Fire has a major influence on the management and conservation of Australian biodiversity. Notwithstanding a long history of fire on the continent, inappropriate contemporary fire regimes are a key threatening process for many Australian plant and animal species. Fire regimes vary appreciably across the continent, and different species and taxonomic groups respond in markedly different ways to different regimes. A set of case studies highlights the diversity of wildlife responses to fire, although we acknowledge that this set is inevitably far from a comprehensive assessment of the response of all biodiversity components to all fire regimes. Managing fires for biodiversity remains a challenge, particularly in the more remote parts of the continent or when management is driven mostly by human safety and economic assets. Some notable examples of local-and regional-scale fire management programs for biodiversity conservation are presented. Replicating the conservation benefits of these programmes across other parts of Australia will be difficult and will require improved understanding of the fire regimes required by biodiversity, significant effort in implementation and monitoring of outcomes and better understanding of fire by the Australian community. Introduction Australia is the most fire-prone continent. Fire has long shaped its ecosystem processes, the juxtaposition and extent of its ecological communities, the structure and floristics of its vegetation types, the ecology of many species, and the distribution, abundance or extinction of individual species. Much of this potency relates to Australian climatic regimes and Australia’s relative lack of topographic relief (and hence protection from extensive fire). Marked wet–dry (monsoonal) seasonality characterises Australia’s north, catalysing frequent (but relatively low-intensity) fire as the annual crop of tall savanna grasses cures during the long dry season. There is marked seasonality also in the Mediterranean and temperate climates of south-eastern and south-western Australia, and their hot summers prompt high-intensity wildfires. Seasonality is less pronounced in the arid inland areas, but recurring but irregular patterns of drought and wet periods drive infrequent but extensive fires as vegetation biomass built up in high-rainfall years dries when the rains disappear. These differences in environmental settings dictate that the frequency and impacts of fires vary very substantially across the Australian continent (Plate 14; Russell-Smith et al. 2007).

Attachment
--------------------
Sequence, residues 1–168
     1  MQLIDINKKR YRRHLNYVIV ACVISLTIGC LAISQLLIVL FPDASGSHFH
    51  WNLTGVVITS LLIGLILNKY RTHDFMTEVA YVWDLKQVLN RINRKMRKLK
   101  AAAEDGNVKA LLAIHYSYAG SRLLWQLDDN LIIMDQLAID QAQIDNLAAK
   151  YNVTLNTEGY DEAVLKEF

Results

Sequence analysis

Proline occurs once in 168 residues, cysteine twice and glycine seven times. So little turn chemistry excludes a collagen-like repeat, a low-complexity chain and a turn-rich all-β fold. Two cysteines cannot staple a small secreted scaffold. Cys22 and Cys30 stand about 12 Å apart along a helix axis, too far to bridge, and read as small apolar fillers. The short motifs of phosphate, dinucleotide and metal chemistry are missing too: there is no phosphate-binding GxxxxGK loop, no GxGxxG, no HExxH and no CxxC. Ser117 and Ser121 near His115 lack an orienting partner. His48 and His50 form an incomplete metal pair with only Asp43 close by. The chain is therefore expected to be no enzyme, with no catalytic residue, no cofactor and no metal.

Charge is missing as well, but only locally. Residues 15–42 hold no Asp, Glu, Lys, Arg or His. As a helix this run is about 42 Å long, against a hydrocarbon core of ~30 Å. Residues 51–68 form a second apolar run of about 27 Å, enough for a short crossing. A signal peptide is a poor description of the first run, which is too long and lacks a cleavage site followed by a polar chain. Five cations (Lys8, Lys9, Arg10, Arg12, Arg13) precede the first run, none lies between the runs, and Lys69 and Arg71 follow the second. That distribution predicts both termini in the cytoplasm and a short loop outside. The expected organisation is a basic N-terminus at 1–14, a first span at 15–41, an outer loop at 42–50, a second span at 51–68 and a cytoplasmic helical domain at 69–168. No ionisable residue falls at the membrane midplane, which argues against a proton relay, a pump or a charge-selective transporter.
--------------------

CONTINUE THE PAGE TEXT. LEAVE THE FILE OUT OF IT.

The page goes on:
|Title of host publication||Austral Ark|
|Subtitle of host publication||The State of Wildlife in Australia and New Zealand|
|Editors||Adam Stow, Norman McLean, Gregory I Holwell|
|Place of Publication||Cambridge, UK|
|Publisher||Cambridge University Press|
|Number of pages||23|
|Publication status||Published - 2015|